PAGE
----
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Helios Panoptes

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The circumstances of Cleopatra VII's rise to sole power are well-known. The beheading of Great Pompey, the accidental burning of the Great Library, Ptolemy XIII drowning as he fled in disgrace, the exiled Queen smuggled into Caesar's chambers in a carpet; the images have been told and retold through the centuries.

No less retold is the affair between Caesar and Cleopatra, the torrid six weeks in Alexandria where the stoic general uncharacteristically frolicked while there was still a war to be fought. True, Great Pompey was dead, but his sons still lived, commanding the faction loyal to the Senate and devoted to continuing the struggle in their father's name

After six weeks in sunny Egypt, Caesar was convinced by omens and advisers to set sail on the last day of February to return to war with the month and blessing of Mars. As he sailed under the Pharos Lighthouse that night, the general and the queen shared a last longing look over the wine-dark seas, perhaps aware they would never see each other again... or so hundreds of paintings would have you believe. In truth, Caesar was fighting a small bout of seasickness, and the young Cleopatra had gone to bed hours earlier to avoid being seen as a pining teenager.

She awoke in the pre-dawn gloom, screaming.



Once her servants had manged to calm her, her bodyguards were satisfied no attempt had been made on her life, and the high priests rudely roused from their beds, the Pharaoh proclaimed that her fellow god, Shai, Fate Itself, had announced Egypt's doom. No union between Rome and Egypt was possible (here her face was said to falter, sparking rumors that persist to this day that she intended to unite the two countries by having a son with Caesar). Egypt would suffer the fate of Carthage and she would be the last of the Pharaohs, if nothing was done.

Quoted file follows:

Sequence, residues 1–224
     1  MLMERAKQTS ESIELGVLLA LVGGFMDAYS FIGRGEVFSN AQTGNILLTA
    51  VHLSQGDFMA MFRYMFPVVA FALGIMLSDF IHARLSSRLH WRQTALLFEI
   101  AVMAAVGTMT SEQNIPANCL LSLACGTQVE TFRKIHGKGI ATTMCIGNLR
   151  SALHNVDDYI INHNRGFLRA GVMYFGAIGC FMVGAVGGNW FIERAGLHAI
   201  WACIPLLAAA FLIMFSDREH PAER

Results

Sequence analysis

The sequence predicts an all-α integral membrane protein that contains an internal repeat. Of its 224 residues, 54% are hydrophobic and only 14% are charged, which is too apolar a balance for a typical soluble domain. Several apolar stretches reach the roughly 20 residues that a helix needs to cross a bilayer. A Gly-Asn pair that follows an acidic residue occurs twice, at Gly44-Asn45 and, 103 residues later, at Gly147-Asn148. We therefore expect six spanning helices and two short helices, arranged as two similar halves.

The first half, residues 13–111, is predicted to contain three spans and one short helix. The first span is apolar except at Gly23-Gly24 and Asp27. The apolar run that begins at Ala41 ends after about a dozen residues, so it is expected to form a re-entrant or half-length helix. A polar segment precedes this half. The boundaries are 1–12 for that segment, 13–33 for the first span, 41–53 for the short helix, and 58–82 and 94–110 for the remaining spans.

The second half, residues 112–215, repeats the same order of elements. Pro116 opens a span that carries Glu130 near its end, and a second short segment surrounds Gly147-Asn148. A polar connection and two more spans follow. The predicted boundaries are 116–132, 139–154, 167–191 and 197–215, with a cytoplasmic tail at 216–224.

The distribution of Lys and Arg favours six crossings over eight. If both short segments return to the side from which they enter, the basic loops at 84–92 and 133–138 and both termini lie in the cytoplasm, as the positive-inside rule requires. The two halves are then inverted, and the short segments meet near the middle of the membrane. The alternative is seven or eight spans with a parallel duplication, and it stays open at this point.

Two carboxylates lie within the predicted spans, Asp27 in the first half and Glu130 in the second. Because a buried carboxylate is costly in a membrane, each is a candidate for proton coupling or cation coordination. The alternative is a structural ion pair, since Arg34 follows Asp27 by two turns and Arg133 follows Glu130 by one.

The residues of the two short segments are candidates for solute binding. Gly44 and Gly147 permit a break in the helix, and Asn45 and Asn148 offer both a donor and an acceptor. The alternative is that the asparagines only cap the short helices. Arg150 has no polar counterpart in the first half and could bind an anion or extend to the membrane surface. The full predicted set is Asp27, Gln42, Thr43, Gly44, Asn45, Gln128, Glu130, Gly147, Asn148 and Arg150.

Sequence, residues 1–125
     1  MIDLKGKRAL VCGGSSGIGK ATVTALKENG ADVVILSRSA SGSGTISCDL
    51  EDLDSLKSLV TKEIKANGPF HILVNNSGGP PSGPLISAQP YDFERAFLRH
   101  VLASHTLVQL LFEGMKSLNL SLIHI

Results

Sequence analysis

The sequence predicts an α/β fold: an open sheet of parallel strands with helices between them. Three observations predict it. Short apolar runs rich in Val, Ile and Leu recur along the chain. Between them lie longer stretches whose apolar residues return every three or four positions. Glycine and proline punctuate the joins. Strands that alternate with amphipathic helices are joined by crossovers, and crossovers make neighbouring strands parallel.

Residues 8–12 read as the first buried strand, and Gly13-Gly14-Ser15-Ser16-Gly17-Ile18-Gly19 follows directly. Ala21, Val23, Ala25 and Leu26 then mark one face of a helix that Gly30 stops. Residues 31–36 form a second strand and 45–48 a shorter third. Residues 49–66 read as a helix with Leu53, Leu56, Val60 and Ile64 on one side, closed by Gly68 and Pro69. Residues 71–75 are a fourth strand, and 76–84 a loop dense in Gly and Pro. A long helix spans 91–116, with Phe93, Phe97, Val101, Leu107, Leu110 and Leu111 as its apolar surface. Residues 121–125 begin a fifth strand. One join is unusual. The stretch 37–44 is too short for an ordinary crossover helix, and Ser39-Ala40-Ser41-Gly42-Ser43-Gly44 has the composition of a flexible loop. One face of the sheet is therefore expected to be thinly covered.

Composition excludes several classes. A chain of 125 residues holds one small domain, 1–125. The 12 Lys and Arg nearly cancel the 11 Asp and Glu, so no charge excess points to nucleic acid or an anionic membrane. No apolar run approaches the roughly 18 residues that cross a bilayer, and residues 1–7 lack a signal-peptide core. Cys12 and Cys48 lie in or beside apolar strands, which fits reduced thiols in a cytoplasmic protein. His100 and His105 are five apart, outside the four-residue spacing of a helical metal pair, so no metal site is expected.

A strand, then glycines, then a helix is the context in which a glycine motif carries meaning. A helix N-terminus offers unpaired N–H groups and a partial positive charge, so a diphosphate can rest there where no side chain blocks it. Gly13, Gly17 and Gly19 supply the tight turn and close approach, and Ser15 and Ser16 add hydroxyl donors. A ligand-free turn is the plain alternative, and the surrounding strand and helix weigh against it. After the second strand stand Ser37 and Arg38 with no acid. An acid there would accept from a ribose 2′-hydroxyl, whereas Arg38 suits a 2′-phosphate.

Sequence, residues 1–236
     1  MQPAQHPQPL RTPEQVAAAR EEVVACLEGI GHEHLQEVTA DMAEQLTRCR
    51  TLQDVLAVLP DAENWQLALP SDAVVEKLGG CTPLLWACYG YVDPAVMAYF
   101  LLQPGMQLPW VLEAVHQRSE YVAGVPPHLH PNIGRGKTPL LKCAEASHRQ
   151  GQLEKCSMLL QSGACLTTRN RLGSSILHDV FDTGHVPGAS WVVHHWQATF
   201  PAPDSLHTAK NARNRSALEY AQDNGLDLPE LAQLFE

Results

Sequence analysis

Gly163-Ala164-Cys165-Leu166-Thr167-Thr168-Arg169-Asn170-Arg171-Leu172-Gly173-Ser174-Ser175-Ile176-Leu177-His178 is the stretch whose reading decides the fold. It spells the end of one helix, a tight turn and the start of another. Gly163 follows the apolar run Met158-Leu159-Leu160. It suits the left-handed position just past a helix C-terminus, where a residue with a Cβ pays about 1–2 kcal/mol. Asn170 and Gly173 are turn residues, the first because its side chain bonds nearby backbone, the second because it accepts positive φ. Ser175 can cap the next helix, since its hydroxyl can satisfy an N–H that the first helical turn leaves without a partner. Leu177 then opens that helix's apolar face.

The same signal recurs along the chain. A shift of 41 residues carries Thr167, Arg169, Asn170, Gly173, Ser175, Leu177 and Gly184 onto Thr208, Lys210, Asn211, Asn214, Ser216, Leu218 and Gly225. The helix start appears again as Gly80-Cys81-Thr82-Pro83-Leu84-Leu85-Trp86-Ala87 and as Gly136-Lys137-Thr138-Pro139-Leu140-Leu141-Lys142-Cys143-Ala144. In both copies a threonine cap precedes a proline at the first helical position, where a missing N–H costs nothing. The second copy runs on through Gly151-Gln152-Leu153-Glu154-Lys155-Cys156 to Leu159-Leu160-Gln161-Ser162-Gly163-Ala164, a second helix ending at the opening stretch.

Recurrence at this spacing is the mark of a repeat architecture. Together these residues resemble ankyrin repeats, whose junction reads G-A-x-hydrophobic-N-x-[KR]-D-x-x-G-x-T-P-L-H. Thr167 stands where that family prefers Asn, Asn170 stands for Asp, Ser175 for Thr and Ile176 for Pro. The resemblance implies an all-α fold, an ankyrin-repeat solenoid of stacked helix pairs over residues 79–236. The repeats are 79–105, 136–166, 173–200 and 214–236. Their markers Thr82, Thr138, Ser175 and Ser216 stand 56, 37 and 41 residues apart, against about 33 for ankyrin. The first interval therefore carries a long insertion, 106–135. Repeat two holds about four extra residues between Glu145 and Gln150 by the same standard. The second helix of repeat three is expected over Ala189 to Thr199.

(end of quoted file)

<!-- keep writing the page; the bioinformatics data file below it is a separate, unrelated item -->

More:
The Sun rose on the first day of March, 707 AUC.

 
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alxeu

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I'm interested. Played this game a bit, but am terrible. Can't wait to see what you do with an Egypt in a Roman world.
 

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Egypt was fortunate to have her as its ruler during this time of crisis. Intelligent, educated, crafty, skilled in diplomacy and politics, and largely above corruption, Cleopatra embraced her subject people and their culture and was in turn beloved. She was the first of the Ptolemys to even learn to speak Egyptian, and she wholly adopted the Pharaoh's role as a god on earth, identifying with Isis, the Queen of Heaven, above all.

With the end of any hope to peacefully unite with Rome, Cleopatra would turn inward and fully commit to Egypt, determined to bolster its strength and change her fate.



The Ptolemys had for centuries regarded the native Egyptians as barbarians, unfit for government posts or even to take up arms for them. After a particularly disastrous battle with the now-defunct Seleucid Empire, these restrictions had been relaxed, but not repealed.

In her first official act, Cleopatra removed those military service restrictions utterly. The Egyptians showed their approval, as thousands of able-bodied men pledged themselves to defend their Pharaoh. In all, Egypt's total manpower had more than tripled, though it would take months to take a full account.

Even the Greek upper class agreed with the move, painfully aware of Egypt's isolation in what was becoming a Roman world. That didn't stop the more ambitious from making plans, however..



But with the unanimous popularity of the Pharaoh and the rock-solid stability of her reign, he could find no friends to even entertain the idea. At the same time, Cleopatra knew better than to provoke the upper class with a harsh punishment upon a so-far ineffectual plotter. So she assigned him command of the 1st Navy and ordered him to Rhodes to report on Roman movements in the Aegean.